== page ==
Can the Padres build around any of the current starting pitchers?
No, but there are players who can contribute and round out a quality rotation.
Before the season, I wrote about fairly young, non-prospect pitchers who needed to prove themselves in 2018. I identified seven players on the 40-man roster: Robbie Erlin, Walker Lockett, Matt Strahm, Colin Rea, Dinelson Lamet, Bryan Mitchell and Luis Perdomo. Among others, I considered Eric Lauer, Joey Lucchesi, Cal Quantril and Jake Nix as prospects “who we’re excited about.” Additionally, I ignored Tyson Ross and Clayton Richard as inning-eaters and placeholders. So, what happened:
Bryan Mitchell (48.1 IP, 6.92 FIP) and Luis Perdomo (39.2 IP, 4.62 FIP), who were painful to watch, Colin Rea, who was never healthy, and Walker Lockett (15.0 IP, 7.02 FIP), an unheralded prospect who has struggled in limited action, could lose their 40-man roster spots this winter.
Lefties Matt Strahm (43 IP, 3.65 FIP) and Robbie Erlin (69.2 IP, 3.17 FIP) have been solid in middle relief. Erlin, like Kennedy and Lockett, might get the rest of 2018 to prove himself in the rotation before the padres make difficult decisions this winter.
2017 rookie Dinelson Lamet lost the season to Tommy John. His roster spot is safe.
Eric Lauer and Joey Lucchesi debuted early and look like quality back-end starters. Brett Kennedy, who, as neither a 40-man roster member nor ranked prospect, did not appear in my pre-season article, and Jacob Nix, are going to get a shot down the stretch.
The Padres have used 12 starting pitchers this season, including five who have made their major league debuts. The team has made the most of injuries and futility to get answers on as many pitchers as possible in 2018 However, so far, no member of the current rotation looks like a top-of-the-rotation starter on the next playoff-bound Padres team.
Which players will debut in 2018?
RHP Colten Brewer: 4 G, 3.0 IP, 3.17 FIP, 0.0 WAR
LHP Jose Castillo: 16 G, 16.1 IP, 2.74 FIP, 0.3 WAR
*RHP Adam Cimber: 42 G, 48.1 IP, 2.34 FIP, 1.1 WAR (Traded to Indians)
SS Javy Guerra: 2 G, 2 PA, 2 K
RHP Brett Kennedy: 1 GS, 4.0 IP, 6 ER, 3 K, 0 BB, 3 HR
LHP Eric Lauer: 18 GS, 86.2 IP, 4.74 FIP, 0.4 WAR
RHP Walker Lockett: 4 G (3 GS), 15.0 IP, 16 ER, 12 K, 10 BB, 4 HR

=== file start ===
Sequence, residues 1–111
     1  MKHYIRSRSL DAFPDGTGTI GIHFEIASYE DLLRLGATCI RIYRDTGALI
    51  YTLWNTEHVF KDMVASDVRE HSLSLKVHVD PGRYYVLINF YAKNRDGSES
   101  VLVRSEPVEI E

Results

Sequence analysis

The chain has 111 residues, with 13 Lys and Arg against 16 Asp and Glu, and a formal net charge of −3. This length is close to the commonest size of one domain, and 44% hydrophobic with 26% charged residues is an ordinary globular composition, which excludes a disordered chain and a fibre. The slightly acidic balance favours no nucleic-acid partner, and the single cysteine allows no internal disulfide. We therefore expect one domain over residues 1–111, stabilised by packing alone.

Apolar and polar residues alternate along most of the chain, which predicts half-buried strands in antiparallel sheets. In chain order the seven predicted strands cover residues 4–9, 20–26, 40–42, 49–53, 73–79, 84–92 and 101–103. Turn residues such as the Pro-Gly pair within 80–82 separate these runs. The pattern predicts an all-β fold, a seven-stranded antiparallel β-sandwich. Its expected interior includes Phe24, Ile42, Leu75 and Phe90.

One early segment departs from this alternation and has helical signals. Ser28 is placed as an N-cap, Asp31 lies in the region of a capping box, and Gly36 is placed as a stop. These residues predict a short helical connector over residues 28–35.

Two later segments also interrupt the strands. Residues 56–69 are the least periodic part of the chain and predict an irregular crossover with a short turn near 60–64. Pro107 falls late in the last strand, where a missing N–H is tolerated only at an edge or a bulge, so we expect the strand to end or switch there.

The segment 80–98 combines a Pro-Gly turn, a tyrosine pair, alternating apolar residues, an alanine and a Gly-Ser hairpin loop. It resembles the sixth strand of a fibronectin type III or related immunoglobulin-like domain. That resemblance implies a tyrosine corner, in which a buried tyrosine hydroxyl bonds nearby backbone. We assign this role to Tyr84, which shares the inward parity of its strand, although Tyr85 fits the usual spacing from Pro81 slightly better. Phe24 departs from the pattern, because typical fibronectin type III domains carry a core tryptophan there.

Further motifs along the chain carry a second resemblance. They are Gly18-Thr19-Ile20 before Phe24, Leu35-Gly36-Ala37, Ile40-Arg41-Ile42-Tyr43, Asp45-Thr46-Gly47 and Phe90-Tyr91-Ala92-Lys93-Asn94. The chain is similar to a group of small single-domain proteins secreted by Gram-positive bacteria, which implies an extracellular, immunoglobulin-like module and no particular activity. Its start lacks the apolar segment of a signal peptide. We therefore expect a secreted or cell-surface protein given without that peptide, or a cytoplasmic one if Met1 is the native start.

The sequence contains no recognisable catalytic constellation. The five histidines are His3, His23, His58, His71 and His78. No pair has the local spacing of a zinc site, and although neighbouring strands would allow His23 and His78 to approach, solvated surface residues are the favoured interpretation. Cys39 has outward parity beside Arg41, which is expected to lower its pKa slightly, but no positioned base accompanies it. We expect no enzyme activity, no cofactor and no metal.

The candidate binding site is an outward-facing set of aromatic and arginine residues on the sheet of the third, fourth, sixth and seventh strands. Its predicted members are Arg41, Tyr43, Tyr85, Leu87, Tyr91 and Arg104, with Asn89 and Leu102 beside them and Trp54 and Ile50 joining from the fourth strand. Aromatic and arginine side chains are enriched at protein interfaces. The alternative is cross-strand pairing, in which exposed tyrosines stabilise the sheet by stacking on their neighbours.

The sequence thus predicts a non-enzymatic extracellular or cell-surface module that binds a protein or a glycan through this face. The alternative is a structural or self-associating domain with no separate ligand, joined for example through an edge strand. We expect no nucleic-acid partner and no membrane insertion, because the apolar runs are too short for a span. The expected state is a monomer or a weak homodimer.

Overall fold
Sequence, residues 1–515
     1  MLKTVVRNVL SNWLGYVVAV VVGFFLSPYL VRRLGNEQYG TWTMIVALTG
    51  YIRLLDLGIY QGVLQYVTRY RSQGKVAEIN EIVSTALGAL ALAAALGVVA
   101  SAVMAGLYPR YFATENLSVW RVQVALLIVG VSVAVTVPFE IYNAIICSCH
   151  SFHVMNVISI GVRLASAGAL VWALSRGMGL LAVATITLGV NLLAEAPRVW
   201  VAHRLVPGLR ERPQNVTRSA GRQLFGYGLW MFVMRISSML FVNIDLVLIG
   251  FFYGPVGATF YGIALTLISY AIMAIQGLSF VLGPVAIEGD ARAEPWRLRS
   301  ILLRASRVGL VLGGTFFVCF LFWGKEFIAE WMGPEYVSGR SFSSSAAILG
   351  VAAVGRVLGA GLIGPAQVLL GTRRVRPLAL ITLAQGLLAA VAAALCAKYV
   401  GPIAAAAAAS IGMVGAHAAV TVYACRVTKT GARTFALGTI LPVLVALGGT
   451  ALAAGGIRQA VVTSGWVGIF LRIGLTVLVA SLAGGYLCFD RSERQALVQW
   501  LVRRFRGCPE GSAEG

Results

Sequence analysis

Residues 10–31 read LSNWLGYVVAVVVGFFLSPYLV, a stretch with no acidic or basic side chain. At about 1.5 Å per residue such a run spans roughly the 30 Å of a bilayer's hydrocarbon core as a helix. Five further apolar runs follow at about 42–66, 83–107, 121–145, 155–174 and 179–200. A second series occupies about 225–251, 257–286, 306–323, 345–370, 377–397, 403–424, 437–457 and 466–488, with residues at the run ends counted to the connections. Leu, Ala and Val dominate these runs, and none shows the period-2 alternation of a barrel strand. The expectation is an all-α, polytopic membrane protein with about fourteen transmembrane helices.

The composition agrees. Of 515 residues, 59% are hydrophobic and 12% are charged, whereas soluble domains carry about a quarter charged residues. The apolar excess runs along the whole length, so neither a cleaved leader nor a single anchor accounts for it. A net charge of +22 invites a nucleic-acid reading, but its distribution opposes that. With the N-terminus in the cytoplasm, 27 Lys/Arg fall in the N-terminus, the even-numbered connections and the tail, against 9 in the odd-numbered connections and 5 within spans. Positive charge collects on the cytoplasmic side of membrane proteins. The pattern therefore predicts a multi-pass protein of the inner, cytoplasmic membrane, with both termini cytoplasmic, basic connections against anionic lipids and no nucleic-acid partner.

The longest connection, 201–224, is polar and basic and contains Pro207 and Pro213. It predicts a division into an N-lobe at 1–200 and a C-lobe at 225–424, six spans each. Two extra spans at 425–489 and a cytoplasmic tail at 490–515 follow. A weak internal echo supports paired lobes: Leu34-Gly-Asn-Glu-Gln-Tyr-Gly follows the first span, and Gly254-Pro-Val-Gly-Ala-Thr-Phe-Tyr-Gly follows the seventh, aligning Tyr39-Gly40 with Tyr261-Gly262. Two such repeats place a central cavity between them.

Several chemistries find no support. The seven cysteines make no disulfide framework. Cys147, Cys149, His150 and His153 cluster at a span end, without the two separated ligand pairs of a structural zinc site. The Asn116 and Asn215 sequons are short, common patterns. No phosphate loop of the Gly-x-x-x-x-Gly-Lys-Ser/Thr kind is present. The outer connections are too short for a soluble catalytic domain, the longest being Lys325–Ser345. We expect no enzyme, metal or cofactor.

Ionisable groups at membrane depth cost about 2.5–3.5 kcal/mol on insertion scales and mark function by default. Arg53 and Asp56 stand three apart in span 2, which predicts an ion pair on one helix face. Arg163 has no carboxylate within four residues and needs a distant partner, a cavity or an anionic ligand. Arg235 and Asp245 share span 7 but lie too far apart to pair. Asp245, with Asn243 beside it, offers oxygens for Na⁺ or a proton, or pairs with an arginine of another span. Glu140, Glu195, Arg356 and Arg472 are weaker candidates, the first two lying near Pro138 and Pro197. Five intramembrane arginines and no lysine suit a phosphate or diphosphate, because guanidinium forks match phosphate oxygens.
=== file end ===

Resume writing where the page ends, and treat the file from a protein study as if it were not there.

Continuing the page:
LHP Joey Lucchesi: 17 GS, 82.2 IP, 4.41 FIP, 0.6 WAR
RHP Kazuhisa Makita: 23 G, 26.2 IP, 5.65 FIP, -0.3 WAR
RHP Jacob Nix: 1 GS, 6.0 IP, 0 ER, 6 K, 2 BB
OF Franmil Reyes: 44 G, 134 PA, 118 wRC+, 9 HR, -16.4 UZR/150 in RF, 0.4 WAR
RHP Robert Stock: 12 G, 17.1 IP, 2.17 FIP, 0.3 WAR
RHP Trey Wingenter: 3 G, 3.0 IP, 0 R, 5 K, 1 BB
How will the Padres’ top-ranked farm system fair in terms of development, performance and injury?
Fernando Tatis Jr, Luis Urias and MacKenzie Gore have solidified their lofty ceilings. Josh Naylor and Hudson Potts have dominated at their respective levels. Logan Allen and Chris Paddack forced their ways into MLB.com’s top-100 prospect rankings. Outfielder Buddy Reed and righty handed starter Luis Patino went from unranked, to #13 and #12 in the Padres’ top-30 prospects, respectively. Click here for an in-depth look at how the Padres’ top-30 list has changed through the season.
In terms of injury, the Padres have faired quite well:
Fernando Tatis Jr. will miss the last third of the season with a thumb injury; Adrian Morejon is on the Disabled List with triceps tightness; MacKenzie Gore had blister issues; Michel Baez (back) and Jacob Nix (groin) both had delayed starts to the season. Other than those five players, the Padres’ top prospects have been remarkably healthy.
In the Rookie Arizona League, the Padres have had a trio of standout 18-year-olds in LHP Joey Cantillo (36.1 IP, 2.76 FIP, 11.4 K/9), SS Xavier Edwards (87 PA, 169 wRC+, 11 SB) and 2B Tucupita Marcano (158 PA, 170 wRC+, 26 BB, 10 K). Both Edwards and Marcano earned recent promotions to low-A Tri-City. 19-year-old lefty Omar Cruz, who had a 2.72 FIP and 13.5 K/9 in 5 starts at rookie ball, has already made 4 starts for the aforementioned Dust Devils posting a similarly excellent 2.57 FIP with 11.4 K/9
Recent draft picks, 2B Olivier Basabe (168 PA, 135 wRC+) and SS Owen Miller (216 PA, 133 wRC+), were All-Stars for Tri-City before moving up to Fort Wayne last week. Basabe, 2017 8th round, and Miller, 2018 9th round, are both 21-years-old and could be the featured double-play duo at nearby Lake Elsinore in 2019. Another 21-year-old, Reliever Dylan Coleman was the Padres’ first 2018 selection to reach full-season baseball. He has a 2.56 FIP and 13 strikeouts in 11.2 IP with the TinCaps.